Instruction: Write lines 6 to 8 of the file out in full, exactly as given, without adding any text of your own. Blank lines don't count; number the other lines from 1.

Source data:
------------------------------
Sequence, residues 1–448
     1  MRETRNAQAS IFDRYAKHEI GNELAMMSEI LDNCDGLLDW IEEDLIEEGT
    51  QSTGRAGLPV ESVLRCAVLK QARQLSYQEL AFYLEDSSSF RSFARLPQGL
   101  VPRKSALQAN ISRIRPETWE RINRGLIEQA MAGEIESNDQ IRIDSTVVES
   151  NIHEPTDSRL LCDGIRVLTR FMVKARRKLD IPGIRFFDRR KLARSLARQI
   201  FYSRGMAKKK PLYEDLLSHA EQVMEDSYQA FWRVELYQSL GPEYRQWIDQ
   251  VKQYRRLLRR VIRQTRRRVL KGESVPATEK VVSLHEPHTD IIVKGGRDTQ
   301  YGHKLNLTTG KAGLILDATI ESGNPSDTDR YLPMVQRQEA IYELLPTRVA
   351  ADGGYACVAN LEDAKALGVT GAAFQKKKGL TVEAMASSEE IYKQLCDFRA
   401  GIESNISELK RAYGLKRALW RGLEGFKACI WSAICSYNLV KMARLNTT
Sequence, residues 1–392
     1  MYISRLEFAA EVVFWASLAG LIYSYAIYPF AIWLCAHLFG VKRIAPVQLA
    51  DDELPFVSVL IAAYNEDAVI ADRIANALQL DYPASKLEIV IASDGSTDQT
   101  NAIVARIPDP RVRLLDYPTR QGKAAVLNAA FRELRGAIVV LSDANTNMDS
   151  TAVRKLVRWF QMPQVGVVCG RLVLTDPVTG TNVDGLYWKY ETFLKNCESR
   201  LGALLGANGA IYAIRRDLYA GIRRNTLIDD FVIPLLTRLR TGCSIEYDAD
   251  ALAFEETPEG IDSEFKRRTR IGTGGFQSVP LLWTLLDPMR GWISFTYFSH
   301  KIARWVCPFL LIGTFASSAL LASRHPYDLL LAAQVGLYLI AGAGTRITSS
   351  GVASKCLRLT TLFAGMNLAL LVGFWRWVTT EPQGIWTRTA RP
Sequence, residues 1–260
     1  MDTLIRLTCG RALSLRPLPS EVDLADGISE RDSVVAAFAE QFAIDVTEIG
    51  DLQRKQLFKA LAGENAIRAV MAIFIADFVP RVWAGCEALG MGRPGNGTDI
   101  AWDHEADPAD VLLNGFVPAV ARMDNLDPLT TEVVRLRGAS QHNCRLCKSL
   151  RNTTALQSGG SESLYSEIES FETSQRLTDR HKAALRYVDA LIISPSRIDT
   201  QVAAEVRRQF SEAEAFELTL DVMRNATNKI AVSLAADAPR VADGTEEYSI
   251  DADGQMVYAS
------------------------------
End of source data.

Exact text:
   201  FYSRGMAKKK PLYEDLLSHA EQVMEDSYQA FWRVELYQSL GPEYRQWIDQ
   251  VKQYRRLLRR VIRQTRRRVL KGESVPATEK VVSLHEPHTD IIVKGGRDTQ
   301  YGHKLNLTTG KAGLILDATI ESGNPSDTDR YLPMVQRQEA IYELLPTRVA